4 Mistakes that Hurt Small Businesses in the Long Run

0

Only 50 percent of businesses survive the first five years, and a third of businesses survive past 10 years. As expected, the longer the business has been around, the higher the probability of survival. This means the first few years are crucial to establish your business and keep it afloat. While you might think the initial launch is the hardest part of running a business, there are actually many growing pains that occur and can stop growth immediately. Here are four common mistakes that small-business owners make that actually do more harm than good.

Premature Scaling

Small Businesses

Premature scaling is the phenomenon known as growing out your business exponentially instead of at a steady pace. This is often the case with software companies and agencies that see a sudden influx of demand and respond accordingly. The company might land several clients at once (or a major client) and then hire multiple full-time employees to cover the work. Once a few of the clients leave — or a major project is completed — the amount of income is less than the costs to keep the employees on staff. As a result, the business loses money or has to lay off the employees.

It’s better to scale slowly and know when to turn down projects that you know you can’t handle than to rush business growth to accommodate short-term goals.

Trying to Do it All on Your Own

If a small-business owner isn’t prematurely hiring too many people to handle the workload, they’re typically hiring too few people. This might be the case of a sole proprietorship, where the founder works eight hours per week to make sure everything is just the way he or she likes it, or a small business that continuously asks more of its employees without increasing their pay or benefits.

Not only does this lead to burnout, but it can also lead to a high employee turnover rate and frustration from the people you work with. Instead, brands need to know when they should increase the amount of help within the company. One option to increase flexibility is contract work. Contracting vendors and freelancers keeps overhead low and allows companies to grow and shrink with the seasons while still keeping their books in the black.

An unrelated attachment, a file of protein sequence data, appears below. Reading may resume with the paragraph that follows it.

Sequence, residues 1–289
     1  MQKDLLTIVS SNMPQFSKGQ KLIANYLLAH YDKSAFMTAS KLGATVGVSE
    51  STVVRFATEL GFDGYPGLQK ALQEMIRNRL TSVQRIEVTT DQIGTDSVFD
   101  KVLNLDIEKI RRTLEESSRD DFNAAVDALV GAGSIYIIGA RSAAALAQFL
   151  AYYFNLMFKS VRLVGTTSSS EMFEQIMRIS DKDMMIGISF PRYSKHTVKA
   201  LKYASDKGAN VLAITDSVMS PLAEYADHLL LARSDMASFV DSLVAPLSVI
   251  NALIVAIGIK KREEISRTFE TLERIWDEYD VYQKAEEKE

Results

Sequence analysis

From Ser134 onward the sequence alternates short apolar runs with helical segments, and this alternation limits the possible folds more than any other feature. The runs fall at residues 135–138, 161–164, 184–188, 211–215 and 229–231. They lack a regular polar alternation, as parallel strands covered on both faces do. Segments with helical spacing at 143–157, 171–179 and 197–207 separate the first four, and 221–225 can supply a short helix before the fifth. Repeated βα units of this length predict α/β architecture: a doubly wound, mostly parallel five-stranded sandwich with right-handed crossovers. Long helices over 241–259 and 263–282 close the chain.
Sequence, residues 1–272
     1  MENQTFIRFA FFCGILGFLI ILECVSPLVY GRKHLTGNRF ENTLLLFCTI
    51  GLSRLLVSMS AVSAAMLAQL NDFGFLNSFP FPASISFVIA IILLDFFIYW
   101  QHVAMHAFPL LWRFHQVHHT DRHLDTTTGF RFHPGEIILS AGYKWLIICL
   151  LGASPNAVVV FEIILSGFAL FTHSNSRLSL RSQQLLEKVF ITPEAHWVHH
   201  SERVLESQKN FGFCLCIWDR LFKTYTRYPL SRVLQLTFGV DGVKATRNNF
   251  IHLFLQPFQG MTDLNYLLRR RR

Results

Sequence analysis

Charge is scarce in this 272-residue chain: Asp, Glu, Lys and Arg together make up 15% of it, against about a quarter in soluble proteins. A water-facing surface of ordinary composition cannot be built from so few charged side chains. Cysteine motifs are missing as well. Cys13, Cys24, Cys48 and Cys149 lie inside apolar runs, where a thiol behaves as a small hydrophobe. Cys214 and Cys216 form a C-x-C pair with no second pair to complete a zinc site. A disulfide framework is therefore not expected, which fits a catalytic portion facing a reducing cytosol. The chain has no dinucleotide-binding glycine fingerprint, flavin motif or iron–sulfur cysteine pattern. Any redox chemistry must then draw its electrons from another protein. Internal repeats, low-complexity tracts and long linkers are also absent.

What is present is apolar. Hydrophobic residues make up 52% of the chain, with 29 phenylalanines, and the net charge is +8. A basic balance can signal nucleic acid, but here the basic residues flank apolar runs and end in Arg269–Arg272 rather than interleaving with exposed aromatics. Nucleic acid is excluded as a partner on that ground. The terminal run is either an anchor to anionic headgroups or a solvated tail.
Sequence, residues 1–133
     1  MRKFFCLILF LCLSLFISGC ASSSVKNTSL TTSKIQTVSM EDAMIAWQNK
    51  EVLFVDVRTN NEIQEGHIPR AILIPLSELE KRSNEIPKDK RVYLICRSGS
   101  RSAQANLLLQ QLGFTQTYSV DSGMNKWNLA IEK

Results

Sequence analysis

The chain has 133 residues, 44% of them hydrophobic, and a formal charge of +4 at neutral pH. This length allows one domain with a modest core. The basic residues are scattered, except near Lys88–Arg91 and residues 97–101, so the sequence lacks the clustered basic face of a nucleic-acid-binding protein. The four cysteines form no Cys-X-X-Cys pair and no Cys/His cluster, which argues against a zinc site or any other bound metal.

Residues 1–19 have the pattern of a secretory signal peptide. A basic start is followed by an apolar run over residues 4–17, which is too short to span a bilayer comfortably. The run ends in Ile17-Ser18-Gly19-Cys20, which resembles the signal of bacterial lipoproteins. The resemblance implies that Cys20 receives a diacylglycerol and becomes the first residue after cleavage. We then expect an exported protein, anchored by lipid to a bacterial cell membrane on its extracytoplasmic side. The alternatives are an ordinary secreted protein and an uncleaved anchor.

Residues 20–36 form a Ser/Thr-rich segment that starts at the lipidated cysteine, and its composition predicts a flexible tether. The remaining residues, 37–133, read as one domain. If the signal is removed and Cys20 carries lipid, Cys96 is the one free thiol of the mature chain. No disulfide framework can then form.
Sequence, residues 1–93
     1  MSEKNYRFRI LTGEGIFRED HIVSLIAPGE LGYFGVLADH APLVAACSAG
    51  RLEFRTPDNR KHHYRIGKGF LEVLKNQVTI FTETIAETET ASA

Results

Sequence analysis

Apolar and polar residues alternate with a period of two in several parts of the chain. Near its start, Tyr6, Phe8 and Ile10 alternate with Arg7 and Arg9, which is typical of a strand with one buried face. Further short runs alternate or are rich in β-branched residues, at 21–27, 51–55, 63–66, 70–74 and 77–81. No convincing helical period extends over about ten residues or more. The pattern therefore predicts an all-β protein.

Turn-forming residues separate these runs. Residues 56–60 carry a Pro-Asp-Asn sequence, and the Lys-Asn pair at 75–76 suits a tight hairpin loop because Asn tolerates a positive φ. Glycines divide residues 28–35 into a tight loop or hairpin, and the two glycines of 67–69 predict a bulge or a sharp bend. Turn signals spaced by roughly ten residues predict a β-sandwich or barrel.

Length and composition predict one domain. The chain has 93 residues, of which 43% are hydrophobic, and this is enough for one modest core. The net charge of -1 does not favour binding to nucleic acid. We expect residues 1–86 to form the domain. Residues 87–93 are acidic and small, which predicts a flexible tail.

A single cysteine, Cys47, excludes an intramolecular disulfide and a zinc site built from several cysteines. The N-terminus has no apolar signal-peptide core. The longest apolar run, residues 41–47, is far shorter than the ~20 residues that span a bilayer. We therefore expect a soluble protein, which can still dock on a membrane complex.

International Production

Most small-business owners strive to keep production costs as low as possible — especially if they’re self-funded. This can become problematic when they continue cutting corners in most forms of production and marketing. Many companies try to produce their items internationally because they think it’s a more affordable option, but this actually makes it harder to scale and control in the long run.

Amway is one example of a company that learned the benefits or producing on a national level. The company discovered that 85 percent of their production costs were raw materials, and labor was another six percent. As long as the bulk of the costs remained flat, it didn’t matter much where the items were created, and in many cases it was actually easier to make them in America.

Being Inflexible to Market Changes

Blackberry is the quintessential example of a brand failing to change with the market and audience demand. The company was once a leader in cellphone technology, but fell by the wayside when it couldn’t compete with Apple and Android devices. As a business owner, your focus needs to be just as much on what the audience wants as your actual product. If there’s a dissonance between the two, then you have two choices: change to meet your customer’s’ needs, or keep selling the same thing until you’re out of business. Flexibility is key, especially in highly innovative and competitive industries.

Many of these mistakes are penny smart but dollar foolish, meaning they’re ideas that seem smart in the short run and might save a little money, but they can do significant damage in the long run. Next time you think you have a great idea to save a little money, make sure you won’t regret the long-term implications of this plan.

 

Share.

About Author

Leave A Reply